Digital Debunking: Using Your Head to Extend Your Car Remote Range

Have you been in this situation too many times? Leaving a mall, a concert, or a sporting event when reality abruptly crashes in. Looking out onto the expanse of the parking lot and your mind draws a blank. Dude…where’s my car?

If you find yourself wandering rows of vehicles, indiscriminately clicking the unlock button of your car’s remote key fob, there’s a rumored trick to extend the remote’s range and improve your chances of finding your car. The trick? Hold the remote to your head.

When hearing this your first thought might be, “This has to be a practical joke.” Well, we put this trick to the test with physics-based simulation software.

The theory says that you can create a range boost by using your own head like an antenna. You capacitively couple the signal to your head, which is filled with fluids that act as a conductor for the signal. If this is true, you should be able to extend the range of your fob by a few car lengths.

Using the electromagnetic simulation software Altair Feko™, we tested this theory by comparing a remote keyless entry (RKE) signal alone, held away from the head, and against the head. The sample RKE used in the simulation has a 315 MHz frequency, FR4 substrate, and is comprised of a small “loop” with a patch section representing other components and printed circuit board traces.

Remote keyless entry model

To establish a reference point, the remote’s signal was first simulated without a human body model, held at a representative height above an asphalt ground.

Baseline RKE signal without human body model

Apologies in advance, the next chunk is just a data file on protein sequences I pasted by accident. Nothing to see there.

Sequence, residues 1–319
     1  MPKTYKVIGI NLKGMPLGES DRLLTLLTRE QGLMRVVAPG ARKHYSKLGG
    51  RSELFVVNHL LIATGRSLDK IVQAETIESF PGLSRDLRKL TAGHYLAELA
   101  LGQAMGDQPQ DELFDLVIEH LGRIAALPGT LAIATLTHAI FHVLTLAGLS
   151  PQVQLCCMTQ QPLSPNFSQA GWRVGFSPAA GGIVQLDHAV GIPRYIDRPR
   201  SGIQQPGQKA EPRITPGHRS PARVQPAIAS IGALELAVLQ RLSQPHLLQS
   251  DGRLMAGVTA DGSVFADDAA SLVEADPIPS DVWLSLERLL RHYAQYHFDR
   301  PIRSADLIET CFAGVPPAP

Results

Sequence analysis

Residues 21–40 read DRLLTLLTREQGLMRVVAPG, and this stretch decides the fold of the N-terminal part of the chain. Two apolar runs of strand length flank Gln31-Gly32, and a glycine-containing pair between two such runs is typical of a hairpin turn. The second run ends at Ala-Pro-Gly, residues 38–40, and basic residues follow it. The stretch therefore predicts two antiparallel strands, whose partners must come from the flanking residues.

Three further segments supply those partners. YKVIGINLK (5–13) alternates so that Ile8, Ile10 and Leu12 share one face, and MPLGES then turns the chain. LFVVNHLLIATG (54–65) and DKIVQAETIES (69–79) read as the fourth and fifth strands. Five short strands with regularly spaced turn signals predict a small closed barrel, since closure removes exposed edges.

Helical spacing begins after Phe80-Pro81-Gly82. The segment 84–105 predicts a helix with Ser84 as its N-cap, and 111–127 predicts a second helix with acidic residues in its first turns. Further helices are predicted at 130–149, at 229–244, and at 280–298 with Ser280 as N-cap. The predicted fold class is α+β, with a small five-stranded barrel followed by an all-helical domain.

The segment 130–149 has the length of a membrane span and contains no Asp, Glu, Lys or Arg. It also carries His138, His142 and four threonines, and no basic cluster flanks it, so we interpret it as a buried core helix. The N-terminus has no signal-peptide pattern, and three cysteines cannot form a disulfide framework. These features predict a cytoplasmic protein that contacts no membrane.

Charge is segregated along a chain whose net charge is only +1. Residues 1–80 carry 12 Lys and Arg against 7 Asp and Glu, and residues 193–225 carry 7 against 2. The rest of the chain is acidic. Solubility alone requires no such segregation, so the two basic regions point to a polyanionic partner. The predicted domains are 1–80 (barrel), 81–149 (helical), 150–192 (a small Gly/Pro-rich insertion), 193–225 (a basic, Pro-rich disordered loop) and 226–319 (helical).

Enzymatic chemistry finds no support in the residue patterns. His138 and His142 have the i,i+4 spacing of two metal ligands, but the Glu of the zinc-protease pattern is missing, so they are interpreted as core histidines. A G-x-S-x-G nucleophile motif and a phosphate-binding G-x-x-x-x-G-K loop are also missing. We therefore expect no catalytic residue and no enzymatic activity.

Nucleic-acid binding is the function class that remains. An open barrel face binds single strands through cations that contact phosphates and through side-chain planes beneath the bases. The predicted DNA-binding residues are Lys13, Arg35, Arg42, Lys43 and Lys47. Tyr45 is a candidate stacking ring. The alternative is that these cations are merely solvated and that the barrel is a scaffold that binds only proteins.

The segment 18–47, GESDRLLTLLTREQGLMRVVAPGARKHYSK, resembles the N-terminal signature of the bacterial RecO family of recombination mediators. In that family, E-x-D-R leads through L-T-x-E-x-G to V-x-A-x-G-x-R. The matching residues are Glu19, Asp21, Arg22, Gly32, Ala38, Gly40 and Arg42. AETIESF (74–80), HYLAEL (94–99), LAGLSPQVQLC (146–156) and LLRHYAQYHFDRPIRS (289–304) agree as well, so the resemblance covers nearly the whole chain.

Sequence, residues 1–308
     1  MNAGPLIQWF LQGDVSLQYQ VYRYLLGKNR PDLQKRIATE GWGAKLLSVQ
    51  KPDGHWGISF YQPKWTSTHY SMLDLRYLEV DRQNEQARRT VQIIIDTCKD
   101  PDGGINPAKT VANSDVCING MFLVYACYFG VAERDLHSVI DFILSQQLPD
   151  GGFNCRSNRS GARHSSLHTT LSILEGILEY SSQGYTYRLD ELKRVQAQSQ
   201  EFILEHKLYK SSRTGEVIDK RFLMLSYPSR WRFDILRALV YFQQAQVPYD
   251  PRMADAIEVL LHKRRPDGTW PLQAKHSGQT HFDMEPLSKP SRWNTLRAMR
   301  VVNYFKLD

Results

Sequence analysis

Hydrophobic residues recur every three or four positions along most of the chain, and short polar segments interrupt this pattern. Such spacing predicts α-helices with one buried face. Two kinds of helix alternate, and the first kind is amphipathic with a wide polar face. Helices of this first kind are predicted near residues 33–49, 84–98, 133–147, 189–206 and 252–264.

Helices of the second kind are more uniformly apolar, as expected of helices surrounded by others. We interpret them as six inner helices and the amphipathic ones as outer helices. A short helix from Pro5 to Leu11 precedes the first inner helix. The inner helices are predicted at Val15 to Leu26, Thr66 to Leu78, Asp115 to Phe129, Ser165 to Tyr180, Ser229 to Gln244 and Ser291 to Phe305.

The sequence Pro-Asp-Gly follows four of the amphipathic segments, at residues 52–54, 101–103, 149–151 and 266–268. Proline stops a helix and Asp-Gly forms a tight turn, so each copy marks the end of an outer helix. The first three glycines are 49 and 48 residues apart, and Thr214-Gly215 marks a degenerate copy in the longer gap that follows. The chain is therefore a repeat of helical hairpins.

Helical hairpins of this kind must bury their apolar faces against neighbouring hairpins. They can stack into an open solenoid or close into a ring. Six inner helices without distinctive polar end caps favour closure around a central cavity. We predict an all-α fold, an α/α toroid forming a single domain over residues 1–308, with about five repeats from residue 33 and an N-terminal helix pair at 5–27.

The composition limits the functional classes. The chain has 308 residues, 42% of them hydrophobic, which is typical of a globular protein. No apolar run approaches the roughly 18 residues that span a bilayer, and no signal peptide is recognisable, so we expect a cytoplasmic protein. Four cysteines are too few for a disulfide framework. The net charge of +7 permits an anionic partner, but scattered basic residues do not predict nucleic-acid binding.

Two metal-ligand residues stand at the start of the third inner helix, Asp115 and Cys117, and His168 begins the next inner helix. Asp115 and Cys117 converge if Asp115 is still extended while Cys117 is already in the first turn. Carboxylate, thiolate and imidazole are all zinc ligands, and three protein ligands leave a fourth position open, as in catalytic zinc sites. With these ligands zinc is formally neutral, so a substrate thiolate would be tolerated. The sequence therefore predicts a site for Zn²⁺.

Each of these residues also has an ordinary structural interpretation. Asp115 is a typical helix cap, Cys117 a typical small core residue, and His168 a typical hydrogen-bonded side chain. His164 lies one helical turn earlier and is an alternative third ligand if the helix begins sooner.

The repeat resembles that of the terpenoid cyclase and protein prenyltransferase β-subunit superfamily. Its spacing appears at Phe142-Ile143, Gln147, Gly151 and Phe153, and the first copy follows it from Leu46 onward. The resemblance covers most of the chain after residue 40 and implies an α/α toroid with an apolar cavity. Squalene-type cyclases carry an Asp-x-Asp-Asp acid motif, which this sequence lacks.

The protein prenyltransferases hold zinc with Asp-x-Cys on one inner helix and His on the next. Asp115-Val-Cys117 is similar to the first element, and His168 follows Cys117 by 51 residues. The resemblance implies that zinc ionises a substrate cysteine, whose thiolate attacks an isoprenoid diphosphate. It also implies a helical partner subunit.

Next, an articulated human model was introduced. Holding the RKE with an outstretched arm at the same height as the previous experiment, the electromagnetic simulation was run again. The simulation showed a couple interesting differences. First, the range was increased with the introduction of the human model. The pattern was also more directive, increasing the realized gain in the forward direction toward the RKE’s target.

Realized signal gain with RKE in an extended arm compared with baseline

Finally, the model’s hand was oriented to hold the RKE to its head and ran a final simulation. Again, there was increased realized gain in the forward direction and increased overall signal range.

Realized signal gain with RKE in hand near the head, compared with baseline and extended arm

For the given remote keyless entry antenna tested, the simulations showed that holding the remote close to your head in certain orientations does increase the realized gain in the required direction and therefore increases the range. It turns out this hack really does work!

Thanks to the simulation confirming this hypothesis, next time you are struggling to remember where you parked, use this hack for a better chance at finding your car.

To learn more about using simulation for advanced antenna design, placement, and electromagnetic compatibility, check out the “Antenna Design with Altair Feko” webinar series.